AF uses a ring-type USD autofocus motor with an optimized USD actuator for fast focusing with full-time manual focus for fine-tuning. While not as fast as its competitors, it’s also less expensive and includes image stabilization, which minimizes camera movement by up to 3.5 stops.
The lens has moisture-resistant construction with a fluorine-coated front element to guard against smudges and moisture. Tamron’s SP 85mm f/1.8 lens is compatible with the optional ($59) TAP-in Console for fine-tuning focusing and firmware updates. It measures 6.9x6.1x5.8 inches, weighs 2.55 pounds using affordable 67mm filters.
Who’s It For: Portrait photographers who are looking for an all-around useful portrait lens for use in the studio or on location.
Why I Like It: I think the trade-off between modest aperture for image stabilization and affordability is a good one.
Soft Focus Lenses
With the ability to add diffusion to any image using software like Google’s Color Efex Pro, the trend of soft focus lenses, once embodied by optics like my beloved and discontinued Canon EF 135mm f/2.8 SF, has seemingly passed, and another movement to go back in time has resurfaced. Exhibit A is Lensbaby’s Velvet 56mm f/1.6 lens ($499) that produces images with a soft, glowing quality that’s a good fit for portraits, especially in boudoir photography.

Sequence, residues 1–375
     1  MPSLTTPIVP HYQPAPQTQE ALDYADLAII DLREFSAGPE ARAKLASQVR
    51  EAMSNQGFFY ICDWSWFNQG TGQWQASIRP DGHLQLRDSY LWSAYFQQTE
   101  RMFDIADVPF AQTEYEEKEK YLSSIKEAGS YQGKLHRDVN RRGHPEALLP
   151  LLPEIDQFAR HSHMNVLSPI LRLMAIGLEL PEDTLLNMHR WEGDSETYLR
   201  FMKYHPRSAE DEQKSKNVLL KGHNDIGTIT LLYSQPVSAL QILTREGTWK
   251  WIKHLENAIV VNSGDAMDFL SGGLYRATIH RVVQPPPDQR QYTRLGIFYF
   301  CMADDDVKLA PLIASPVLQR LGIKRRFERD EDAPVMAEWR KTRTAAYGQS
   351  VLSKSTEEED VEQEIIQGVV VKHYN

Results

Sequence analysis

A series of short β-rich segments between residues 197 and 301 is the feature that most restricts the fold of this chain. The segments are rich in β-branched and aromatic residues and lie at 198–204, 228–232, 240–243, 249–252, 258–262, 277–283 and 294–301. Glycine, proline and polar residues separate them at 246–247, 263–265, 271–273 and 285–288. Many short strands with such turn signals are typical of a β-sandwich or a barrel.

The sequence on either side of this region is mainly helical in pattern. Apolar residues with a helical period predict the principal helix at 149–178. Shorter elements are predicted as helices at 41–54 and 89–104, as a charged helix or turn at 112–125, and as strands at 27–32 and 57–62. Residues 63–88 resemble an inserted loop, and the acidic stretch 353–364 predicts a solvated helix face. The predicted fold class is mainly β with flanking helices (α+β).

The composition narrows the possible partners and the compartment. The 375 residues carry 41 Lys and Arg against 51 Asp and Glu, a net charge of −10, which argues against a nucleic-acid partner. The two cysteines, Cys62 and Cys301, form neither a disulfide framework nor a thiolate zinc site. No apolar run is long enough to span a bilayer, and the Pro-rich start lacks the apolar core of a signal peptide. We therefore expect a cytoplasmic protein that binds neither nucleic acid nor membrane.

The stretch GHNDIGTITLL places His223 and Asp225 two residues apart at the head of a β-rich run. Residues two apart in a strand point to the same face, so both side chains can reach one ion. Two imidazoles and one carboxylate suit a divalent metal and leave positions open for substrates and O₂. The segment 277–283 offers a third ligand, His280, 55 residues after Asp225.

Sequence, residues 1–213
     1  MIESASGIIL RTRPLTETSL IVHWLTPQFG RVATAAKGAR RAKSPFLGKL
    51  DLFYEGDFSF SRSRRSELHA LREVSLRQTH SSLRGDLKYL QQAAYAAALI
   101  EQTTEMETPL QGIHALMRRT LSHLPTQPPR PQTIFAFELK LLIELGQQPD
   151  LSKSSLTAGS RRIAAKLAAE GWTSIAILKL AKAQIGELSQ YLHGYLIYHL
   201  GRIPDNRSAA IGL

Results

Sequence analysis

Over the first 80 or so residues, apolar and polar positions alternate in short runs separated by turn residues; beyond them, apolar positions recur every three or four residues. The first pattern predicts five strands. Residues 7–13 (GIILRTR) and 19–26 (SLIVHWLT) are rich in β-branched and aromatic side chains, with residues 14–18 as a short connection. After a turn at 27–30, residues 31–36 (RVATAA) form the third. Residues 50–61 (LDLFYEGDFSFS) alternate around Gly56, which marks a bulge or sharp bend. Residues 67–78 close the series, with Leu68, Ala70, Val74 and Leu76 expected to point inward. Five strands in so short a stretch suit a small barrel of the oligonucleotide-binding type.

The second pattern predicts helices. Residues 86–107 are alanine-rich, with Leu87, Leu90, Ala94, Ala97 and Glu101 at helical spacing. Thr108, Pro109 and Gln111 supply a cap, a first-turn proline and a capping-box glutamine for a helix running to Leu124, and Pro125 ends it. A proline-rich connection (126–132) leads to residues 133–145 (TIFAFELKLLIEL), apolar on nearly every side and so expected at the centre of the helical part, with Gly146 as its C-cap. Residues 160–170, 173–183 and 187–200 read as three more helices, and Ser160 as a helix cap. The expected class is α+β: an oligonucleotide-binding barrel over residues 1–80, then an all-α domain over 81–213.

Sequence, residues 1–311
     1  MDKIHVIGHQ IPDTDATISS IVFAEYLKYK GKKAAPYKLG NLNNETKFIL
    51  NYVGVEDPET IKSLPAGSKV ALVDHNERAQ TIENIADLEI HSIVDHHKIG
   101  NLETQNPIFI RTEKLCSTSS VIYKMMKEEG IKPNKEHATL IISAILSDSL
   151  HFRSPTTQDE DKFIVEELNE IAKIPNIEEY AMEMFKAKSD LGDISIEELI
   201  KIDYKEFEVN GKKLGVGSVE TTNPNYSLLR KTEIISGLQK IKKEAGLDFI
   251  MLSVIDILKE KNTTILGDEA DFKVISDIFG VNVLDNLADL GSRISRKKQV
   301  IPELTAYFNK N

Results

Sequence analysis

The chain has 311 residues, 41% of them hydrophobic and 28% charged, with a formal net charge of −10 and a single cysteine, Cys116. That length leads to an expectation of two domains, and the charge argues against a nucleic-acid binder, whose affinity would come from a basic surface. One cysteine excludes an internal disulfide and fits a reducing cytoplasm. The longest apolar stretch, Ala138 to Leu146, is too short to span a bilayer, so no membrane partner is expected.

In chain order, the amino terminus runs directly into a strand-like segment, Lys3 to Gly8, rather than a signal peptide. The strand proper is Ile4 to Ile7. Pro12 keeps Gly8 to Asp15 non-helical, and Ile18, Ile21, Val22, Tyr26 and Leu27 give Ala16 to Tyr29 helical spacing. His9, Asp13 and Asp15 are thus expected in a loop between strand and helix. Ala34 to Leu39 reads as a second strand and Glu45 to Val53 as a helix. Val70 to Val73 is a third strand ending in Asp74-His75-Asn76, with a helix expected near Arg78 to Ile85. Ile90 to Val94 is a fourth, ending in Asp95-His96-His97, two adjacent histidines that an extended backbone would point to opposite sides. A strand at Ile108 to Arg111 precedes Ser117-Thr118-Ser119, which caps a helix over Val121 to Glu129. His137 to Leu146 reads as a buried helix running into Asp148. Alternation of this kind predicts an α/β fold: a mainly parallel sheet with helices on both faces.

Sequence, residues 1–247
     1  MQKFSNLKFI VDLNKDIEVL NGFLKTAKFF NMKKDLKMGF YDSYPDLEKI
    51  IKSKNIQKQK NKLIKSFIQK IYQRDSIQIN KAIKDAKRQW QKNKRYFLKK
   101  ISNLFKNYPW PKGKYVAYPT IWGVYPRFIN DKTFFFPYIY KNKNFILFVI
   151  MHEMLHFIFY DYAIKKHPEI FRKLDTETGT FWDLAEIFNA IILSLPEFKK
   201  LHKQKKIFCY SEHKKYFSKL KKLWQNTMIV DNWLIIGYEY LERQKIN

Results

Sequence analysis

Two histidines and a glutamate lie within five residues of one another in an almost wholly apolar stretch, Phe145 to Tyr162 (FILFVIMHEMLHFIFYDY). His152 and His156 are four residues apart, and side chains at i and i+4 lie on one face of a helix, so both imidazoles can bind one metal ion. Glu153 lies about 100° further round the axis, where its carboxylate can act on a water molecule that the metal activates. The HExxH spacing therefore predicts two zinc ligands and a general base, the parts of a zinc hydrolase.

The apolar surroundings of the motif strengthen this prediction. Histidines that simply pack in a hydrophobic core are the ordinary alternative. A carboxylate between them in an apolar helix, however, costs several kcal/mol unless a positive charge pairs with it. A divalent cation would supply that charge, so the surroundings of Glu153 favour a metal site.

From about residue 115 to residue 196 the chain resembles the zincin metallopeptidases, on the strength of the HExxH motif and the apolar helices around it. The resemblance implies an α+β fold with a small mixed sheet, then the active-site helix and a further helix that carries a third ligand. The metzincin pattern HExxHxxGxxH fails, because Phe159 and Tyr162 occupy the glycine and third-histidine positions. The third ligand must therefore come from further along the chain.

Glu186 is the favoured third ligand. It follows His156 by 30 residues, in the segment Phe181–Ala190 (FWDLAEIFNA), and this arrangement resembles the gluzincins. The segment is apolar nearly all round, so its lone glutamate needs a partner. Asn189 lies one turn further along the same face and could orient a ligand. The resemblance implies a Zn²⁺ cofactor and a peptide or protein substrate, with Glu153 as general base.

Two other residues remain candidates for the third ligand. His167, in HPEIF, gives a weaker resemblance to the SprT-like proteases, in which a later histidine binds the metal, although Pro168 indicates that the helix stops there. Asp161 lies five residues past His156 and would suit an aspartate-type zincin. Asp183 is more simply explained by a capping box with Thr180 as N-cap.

Overall diffusion is controlled by stopping down the lens while retaining the smooth tonality of a soft focus lens. The Lensbaby also offers a 1:2 maximum magnification with a minimum working distance of five inches for shooting macro.
Who’s It For: Portrait and boudoir photographers who want to create dreamy-looking images as well as SOOC (Straight Out Of Camera) shooters who want to avoid any image processing.
Why I Like It: The silver and copper steampunk-inspired Lensbaby Velvet 56mm f/1.6 Limited Edition version ($599) is not in my budget but it’s my choice because it would make a great conversation starter during an intimate portrait session.
The Zeiss Batis 85mm f/1.8 lens ($1,199) is designed for full-frame Sony E-mount cameras but can also be used on APS-C-sized E-mount cameras where it produces a 127.5mm equivalent field of view. For precise control, the lens offers AF plus a big rubberized focusing ring.